Project Description

Inclusion Vs Exclusion

www.bewellvitality.com

Over the past 10 years, I’ve been studying coursework and materials or doing research. That’s how I get really excited by the cultural aspect of both food and fasting.

Which led me to reflect on all the women I have supported over those years who are living in fear of “unhealthy” food, who are in doubt about what is “healthy” food, and who are attached to their long lists of foods they must or should avoid.

Building health is about inclusion, not exclusion

30 years back and 20,000 km away, I spent my childhood between the streets of a busy town and the rows of carrots, tomatoes, or strawberries of my grandparents’ garden.

Having spent time gardening, picking, peeling, and preserving taught me to have great respect for the hard work involved in producing and preparing food, and the great pleasure of sharing fresh ripe vegetables and fruits.

I’ve never known about “bad” food or “good” food, only (whole)food. In the meantime, food has become marketing products, over scoring the quality of processed foods from “junk food”, “toxic food”, or “fast food” to “clean” food, ”superfood”, or “good” food. I get the confusion here.

This brings me to the point: Getting the “right” food in is more important than displacing the “wrong” food out.

When I facilitate the journey of women towards vibrant energy and the body they love, we focus on bringing stuff in instead of throwing some out. There are a number of reasons for this.

First

Imagine you start to include three times the amount of vegetables you are currently eating. I bet it will naturally push the other food out. And even if you keep the same processed foods into your diet, you get more nutrient-dense whole food anyway. With vitamins, minerals, and phytonutrients, you start to improve your mental clarity and you get the energy you need to approach your nutritional needs more clearly.

Second

Quickly in our conversations, the fear of deprivation comes to the forefront like an uninvited guest. As most women have been dieting before or think that dieting is the only useful strategy, their brain immediately focuses on what is missing.

And guess what? They are naturally drawn to it. Much like when you are driving; if you focus on a tree, you will hit the tree.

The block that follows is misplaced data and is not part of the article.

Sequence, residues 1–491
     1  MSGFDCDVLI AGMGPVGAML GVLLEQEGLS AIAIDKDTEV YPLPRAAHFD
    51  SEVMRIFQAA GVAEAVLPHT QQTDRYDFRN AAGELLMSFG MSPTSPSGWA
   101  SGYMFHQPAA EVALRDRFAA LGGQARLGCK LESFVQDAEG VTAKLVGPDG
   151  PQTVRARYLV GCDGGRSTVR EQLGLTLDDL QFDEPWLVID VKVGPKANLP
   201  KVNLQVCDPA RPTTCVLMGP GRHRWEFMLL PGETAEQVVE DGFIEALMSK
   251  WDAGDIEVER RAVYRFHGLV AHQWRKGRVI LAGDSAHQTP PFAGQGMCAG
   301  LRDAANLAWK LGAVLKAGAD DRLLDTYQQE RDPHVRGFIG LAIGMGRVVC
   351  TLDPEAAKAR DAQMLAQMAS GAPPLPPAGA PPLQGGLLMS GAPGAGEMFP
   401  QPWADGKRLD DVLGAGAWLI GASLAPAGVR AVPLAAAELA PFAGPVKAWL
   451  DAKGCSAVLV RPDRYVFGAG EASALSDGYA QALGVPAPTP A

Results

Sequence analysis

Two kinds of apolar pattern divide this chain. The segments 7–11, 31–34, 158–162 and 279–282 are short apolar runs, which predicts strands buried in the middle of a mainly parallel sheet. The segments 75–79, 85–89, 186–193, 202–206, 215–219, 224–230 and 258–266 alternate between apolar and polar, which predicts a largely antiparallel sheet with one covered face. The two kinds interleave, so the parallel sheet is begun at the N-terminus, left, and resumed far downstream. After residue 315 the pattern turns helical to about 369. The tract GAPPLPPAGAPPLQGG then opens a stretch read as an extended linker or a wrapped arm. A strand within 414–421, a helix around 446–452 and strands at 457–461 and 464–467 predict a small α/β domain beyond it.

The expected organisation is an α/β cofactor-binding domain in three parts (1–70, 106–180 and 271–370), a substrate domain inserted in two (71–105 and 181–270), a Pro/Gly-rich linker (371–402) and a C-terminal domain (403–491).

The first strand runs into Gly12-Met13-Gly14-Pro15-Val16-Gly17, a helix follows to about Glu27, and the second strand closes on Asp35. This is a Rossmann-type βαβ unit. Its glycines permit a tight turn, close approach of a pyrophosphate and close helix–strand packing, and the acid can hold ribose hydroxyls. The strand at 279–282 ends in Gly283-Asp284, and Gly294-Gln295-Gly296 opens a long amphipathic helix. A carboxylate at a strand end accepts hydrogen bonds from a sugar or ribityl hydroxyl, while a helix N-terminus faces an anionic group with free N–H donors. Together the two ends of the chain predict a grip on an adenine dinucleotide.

Third

Once we embrace inclusion, we invite sustainability. Following a step-by-step process makes it easy to create new habits, as well as slowly changing the perception and the pleasure of eating in itself. In memory of the great French winters, I call this ‘L’effet Boule de Neige’, what you would know as The Snowball Effect.”

And yes, as I said before, you will learn to love healthy foods! Check how below.

Awareness and support

Don’t get me wrong, I will suggest switching some foods for less processed or healthier versions. For example, Suzanne’s daily chocolate bar or Sonya’s nightly Destress Bottle of Wine are probably not habits to remain faithful to when pursuing healthy lifestyle changes. Some changes may be central and even urgent for them to get some results quickly and to stay motivated.

However, these changes are always supported. We always accost on the banks of mindfulness and breath because eating behaviors involve the brain and the nervous system.

So to start, I encourage you to look for the simple things you can include that will make a difference. Because if you do this, things will fall into place.

Please share with me your story about including or excluding food. Your stories are the inspiration for what I put in my blogs, posts, and newsletters.

Learn Inclusion versus Exclusion
This blog is meant to educate and should not be used as a substitute for personal medical or psychological advice. The reader should consult his or her physician or clinician for specific information concerning specific medical conditions. All reasonable efforts have been made to ensure the information presented is accurate, however, new findings may supersede some information presented. As every single individual circumstances will be different, no individual results should be seen as typical.